Southern Company to spearhead HyBlend R&D initiative with DOE
Southern Company Gas, a Southern Company subsidiary, is spearheading a new research and development (R&D) initiative known as HyBlend.
HyBlend will address the technical barriers to blending hydrogen in natural gas infrastructure and study life-cycle emissions of hydrogen blends. The HyBlend project is a joint initiative of Southern Company along with industry partners, research consortia, academia, and national laboratories. The effort will encompass more than $15 million in hydrogen research.
“Natural gas is a critical partner in the growth of renewables as we foresee numerous opportunities to leverage our existing infrastructure to support clean energy, such as hydrogen,” Mark Berry, vice president of R&D at Southern Company, said. “Emerging technologies such as hydrogen will be key as we work to achieve our enterprise-wide goal of net-zero carbon emissions by 2050.”
Introducing hydrogen into existing natural gas infrastructure could benefit energy storage, resiliency, and emissions reductions. Hydrogen can be produced by splitting water molecules with renewable, nuclear, or other energy sources. Further, this hydrogen could be injected into natural gas infrastructure, and the blend of hydrogen and natural gas can then be transported to end-users of the fuel.
“We are uniquely positioned to develop the technology and infrastructure needed to produce and distribute hydrogen into our system,” Zachary Lowe, director at Southern Company Gas, said. “Blending hydrogen into existing natural gas infrastructure enables us to further understand the infrastructure’s capabilities, which is essential for achieving carbon reduction goals.”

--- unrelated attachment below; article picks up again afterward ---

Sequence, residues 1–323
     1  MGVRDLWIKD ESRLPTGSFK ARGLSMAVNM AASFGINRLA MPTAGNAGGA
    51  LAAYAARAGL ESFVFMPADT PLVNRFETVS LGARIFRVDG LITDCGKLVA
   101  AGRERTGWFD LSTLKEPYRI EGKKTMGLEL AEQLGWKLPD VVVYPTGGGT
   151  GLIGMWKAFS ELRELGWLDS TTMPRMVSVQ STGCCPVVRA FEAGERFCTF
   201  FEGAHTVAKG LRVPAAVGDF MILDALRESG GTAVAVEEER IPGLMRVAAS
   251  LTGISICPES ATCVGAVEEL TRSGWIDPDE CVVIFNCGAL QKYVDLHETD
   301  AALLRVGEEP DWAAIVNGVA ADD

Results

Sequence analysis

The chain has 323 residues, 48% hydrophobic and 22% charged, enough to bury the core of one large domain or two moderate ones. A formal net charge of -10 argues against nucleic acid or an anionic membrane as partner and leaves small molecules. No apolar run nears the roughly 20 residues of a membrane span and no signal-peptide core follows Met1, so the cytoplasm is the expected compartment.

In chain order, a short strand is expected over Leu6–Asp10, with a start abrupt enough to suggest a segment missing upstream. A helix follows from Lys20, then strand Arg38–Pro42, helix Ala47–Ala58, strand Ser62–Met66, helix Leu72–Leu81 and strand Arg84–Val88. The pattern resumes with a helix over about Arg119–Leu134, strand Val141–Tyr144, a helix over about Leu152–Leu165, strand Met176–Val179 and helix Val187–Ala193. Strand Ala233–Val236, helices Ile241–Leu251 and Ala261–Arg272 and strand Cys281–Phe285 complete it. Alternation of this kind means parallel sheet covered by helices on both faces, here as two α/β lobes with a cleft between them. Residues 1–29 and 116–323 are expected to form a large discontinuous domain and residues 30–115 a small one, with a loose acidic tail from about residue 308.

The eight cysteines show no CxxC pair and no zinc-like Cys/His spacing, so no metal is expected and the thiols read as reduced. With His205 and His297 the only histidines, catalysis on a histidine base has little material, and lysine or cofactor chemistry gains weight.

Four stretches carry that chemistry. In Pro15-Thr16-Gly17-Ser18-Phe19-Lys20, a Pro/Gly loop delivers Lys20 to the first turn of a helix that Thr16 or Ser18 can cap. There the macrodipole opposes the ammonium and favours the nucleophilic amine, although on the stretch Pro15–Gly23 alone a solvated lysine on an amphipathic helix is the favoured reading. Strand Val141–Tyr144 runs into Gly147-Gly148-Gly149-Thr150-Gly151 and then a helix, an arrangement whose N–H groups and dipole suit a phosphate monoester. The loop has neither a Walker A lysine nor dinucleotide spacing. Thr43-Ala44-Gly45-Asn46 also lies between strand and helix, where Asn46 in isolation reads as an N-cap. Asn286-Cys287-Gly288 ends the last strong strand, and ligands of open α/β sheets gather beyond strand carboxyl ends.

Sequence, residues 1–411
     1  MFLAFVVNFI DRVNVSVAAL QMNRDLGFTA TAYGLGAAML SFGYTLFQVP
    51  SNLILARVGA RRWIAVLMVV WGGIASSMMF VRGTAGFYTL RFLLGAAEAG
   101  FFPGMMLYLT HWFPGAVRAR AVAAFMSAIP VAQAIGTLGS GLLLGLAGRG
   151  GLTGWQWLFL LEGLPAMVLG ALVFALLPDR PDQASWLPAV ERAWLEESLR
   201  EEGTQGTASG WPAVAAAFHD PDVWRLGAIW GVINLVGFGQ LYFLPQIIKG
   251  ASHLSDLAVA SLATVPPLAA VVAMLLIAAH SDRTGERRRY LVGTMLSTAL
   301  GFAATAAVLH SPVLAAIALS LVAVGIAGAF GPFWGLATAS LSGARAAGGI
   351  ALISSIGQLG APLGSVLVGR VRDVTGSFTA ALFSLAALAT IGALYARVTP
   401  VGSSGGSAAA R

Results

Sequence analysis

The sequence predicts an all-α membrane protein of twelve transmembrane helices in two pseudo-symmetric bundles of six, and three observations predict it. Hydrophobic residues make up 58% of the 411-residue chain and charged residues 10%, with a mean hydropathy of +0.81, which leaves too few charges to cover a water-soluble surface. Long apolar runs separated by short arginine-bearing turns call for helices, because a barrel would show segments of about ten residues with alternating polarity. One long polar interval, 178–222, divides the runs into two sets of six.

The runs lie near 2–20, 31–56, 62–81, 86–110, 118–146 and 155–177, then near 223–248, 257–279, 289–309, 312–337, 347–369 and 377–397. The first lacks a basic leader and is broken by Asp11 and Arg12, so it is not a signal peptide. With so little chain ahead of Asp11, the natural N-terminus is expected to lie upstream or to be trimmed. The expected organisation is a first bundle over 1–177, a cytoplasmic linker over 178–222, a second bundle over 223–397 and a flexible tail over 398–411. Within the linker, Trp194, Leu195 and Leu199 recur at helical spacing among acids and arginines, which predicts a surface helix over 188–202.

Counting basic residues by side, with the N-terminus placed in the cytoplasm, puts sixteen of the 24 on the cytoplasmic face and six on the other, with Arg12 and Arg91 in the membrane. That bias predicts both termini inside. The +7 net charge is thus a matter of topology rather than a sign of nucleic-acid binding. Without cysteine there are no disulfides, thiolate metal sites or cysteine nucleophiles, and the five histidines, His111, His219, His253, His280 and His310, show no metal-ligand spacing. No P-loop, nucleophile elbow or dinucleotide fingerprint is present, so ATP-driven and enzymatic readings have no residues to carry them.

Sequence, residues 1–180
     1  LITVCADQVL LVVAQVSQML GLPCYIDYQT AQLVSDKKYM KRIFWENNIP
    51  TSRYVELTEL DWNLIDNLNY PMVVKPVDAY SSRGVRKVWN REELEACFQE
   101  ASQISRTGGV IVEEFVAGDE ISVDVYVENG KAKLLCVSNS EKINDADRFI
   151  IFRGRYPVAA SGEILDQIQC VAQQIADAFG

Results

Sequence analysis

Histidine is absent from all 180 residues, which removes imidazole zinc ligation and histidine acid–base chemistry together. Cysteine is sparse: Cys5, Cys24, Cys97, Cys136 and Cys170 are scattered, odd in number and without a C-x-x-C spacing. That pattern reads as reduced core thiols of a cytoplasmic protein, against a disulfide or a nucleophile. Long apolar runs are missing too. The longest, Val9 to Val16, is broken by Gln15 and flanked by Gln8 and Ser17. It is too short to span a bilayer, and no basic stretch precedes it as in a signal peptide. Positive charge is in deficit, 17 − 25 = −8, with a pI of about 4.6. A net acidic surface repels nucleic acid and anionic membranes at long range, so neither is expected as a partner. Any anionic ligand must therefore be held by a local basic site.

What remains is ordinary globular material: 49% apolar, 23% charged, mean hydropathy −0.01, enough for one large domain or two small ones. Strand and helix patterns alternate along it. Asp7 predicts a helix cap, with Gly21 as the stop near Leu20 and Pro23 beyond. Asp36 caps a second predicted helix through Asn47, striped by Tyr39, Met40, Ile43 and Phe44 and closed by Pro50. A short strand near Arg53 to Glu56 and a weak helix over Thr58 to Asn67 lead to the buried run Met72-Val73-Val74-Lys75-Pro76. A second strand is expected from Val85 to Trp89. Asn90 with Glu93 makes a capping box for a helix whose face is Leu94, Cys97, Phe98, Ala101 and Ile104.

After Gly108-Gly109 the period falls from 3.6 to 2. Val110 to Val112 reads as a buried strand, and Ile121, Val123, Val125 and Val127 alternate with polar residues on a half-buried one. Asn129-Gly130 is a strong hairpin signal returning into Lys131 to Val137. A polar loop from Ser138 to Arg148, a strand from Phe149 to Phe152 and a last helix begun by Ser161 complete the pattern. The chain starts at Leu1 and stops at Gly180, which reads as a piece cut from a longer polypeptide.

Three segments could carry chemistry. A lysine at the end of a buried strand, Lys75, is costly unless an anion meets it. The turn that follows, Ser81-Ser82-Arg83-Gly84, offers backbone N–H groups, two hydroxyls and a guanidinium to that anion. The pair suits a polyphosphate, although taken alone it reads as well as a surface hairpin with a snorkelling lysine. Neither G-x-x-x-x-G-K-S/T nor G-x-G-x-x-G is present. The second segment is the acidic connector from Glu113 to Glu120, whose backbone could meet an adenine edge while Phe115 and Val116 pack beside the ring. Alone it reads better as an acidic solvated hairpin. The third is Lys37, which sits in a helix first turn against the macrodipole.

This project was selected by the U.S. Department of Energy’s (DOE) Hydrogen and Fuel Cell Technologies Office. Thus, the HyBlend team is comprised of six Department of Energy national laboratories ― National Renewable Energy Laboratory, Sandia National Laboratories (SNL), Pacific Northwest National Laboratory (PNNL), Oak Ridge National Laboratory, Argonne National Laboratory, and the National Energy Technology Laboratory. There are also more than 20 participants from industry and academia.
“We’re working with industry to answer their high-priority research questions,” Michael Peters, HyBlend project engineer at National Renewable Energy Laboratory, said. “First, are pipelines compatible with hydrogen? Second, what are the costs and environmental impacts? And finally, how will hydrogen blends affect appliances and other equipment in buildings?”
The project will leverage DOE’s Hydrogen and Fuel Cell Technologies Office’s Hydrogen Materials Compatibility Consortium, led by SNL and PNNL. This is one of several R&D initiatives underway to investigate hydrogen’s potential.